The government is battling crisis on several fronts, a sputtering economy, soaring crude oil prices and inflation amongst others. One of the biggest concerns is the spiraling fiscal deficit. The central government has found it tough to rein in the deficit given the high spending on fuel subsidies and social welfare programmes, coupled with heavy borrowing and low collection through taxes. Though the government believed that its disinvestment programme would help tide over the cash crunch to an extent, the plan has not panned out as per expectations.
In order to get the fiscal situation under control, the government is using Life Insurance Corporation (LIC) and other public sector undertakings (PSUs) to fill its cash kitty. LIC of India has come to the Government's rescue repeatedly in the recent past. It bought shares in state-owned banks in 2009. In 2010, it bought the government's stake in a mining firm. This time, it is injecting a billion dollars into some state banks. It has also bought out part of the government's stake in an oil firm. It held 4% stake in 34 PSUs in December 2008. This increased to 5.6% stake in 42 PSUs at the end of 2011.
LIC's role was highlighted in the recent Oil and Natural Gas Corporation Ltd. (ONGC) episode. The insurance company invested more than Rs 150 bn in ONGC this quarter, which includes the shares divested by the Government recently. It is also planning to infuse Rs 78 bn into public sector banks in the coming months. The insurance giant is however not showing a similar preference for private sector companies. Its stake in private companies has more or less remained the same.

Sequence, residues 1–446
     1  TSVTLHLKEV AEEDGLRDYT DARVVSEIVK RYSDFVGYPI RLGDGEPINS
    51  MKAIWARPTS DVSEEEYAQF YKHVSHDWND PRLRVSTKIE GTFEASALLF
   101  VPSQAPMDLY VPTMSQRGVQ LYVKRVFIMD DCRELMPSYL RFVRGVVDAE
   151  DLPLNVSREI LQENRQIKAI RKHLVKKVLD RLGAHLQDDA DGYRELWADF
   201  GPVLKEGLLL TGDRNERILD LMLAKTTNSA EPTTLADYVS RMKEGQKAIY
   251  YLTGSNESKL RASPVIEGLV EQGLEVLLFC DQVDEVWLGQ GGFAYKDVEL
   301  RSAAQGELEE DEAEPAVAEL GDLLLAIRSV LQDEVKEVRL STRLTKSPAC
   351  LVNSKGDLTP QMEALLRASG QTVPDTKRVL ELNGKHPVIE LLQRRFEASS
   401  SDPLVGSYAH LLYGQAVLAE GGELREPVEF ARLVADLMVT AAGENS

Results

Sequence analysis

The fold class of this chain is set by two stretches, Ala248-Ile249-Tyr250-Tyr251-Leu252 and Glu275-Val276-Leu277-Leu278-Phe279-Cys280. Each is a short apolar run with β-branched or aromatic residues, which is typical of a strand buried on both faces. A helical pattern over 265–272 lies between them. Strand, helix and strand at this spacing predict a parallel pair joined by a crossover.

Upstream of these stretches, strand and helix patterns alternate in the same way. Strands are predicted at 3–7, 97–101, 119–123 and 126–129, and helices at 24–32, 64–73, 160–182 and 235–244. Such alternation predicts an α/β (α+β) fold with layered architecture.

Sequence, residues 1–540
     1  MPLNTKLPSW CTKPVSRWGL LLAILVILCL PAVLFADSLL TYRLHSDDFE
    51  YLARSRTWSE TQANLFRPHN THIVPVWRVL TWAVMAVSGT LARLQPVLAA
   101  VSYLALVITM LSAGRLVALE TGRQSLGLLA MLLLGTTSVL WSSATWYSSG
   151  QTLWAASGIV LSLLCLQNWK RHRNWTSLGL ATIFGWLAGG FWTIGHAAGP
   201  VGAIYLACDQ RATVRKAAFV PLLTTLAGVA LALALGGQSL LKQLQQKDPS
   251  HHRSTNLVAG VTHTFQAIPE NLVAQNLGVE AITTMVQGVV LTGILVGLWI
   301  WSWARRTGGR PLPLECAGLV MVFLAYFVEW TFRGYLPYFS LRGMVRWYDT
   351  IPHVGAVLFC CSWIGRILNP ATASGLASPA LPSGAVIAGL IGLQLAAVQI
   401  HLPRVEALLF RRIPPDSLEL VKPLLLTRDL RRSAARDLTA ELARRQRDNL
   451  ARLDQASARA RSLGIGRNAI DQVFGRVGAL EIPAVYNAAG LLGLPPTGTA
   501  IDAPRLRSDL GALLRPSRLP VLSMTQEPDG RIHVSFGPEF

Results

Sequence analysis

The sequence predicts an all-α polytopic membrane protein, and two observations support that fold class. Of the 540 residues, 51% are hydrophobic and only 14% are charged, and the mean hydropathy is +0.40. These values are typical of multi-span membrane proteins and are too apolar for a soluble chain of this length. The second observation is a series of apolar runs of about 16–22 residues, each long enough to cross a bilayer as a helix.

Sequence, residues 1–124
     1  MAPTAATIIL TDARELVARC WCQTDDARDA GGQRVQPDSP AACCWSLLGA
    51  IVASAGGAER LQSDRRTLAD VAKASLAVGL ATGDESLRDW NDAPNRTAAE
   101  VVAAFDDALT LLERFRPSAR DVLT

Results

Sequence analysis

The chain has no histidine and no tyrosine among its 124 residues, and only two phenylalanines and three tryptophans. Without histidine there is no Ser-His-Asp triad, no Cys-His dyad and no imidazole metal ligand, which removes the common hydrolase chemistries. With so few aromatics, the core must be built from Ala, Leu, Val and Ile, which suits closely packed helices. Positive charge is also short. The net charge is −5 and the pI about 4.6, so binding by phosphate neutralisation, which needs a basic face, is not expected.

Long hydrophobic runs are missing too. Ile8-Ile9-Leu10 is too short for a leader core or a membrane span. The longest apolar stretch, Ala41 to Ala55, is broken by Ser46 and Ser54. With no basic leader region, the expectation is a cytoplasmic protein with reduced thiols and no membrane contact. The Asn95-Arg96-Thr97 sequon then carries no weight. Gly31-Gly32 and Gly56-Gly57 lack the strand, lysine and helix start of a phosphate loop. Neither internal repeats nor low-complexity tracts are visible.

In the middle of all the drama, perhaps the biggest losers from the government's arm-twisting of LIC are the policyholders of LIC's insurance contract. They might have lost 25% of the value of their investments so far in government-owned businesses. LIC is also facing flak from both the insurance regulator (IRDA) and market watchers for its investment policies. It is interesting to note that LIC has invested more than Rs 80 bn in various public sector banks at a time when these banks are struggling with a host of issues ranging from slowing credit growth and the rising threat of non-performing assets.
Thus, if the government continues with its policies of raising cash at the expense of PSUs and LIC, investors will simply stay away from these stocks. While the government owned companies may be in great businesses and enjoy dominance, it is not working in the best interest of minority shareholders and policy holders. One wonders how long will such wealth destroying strategies last.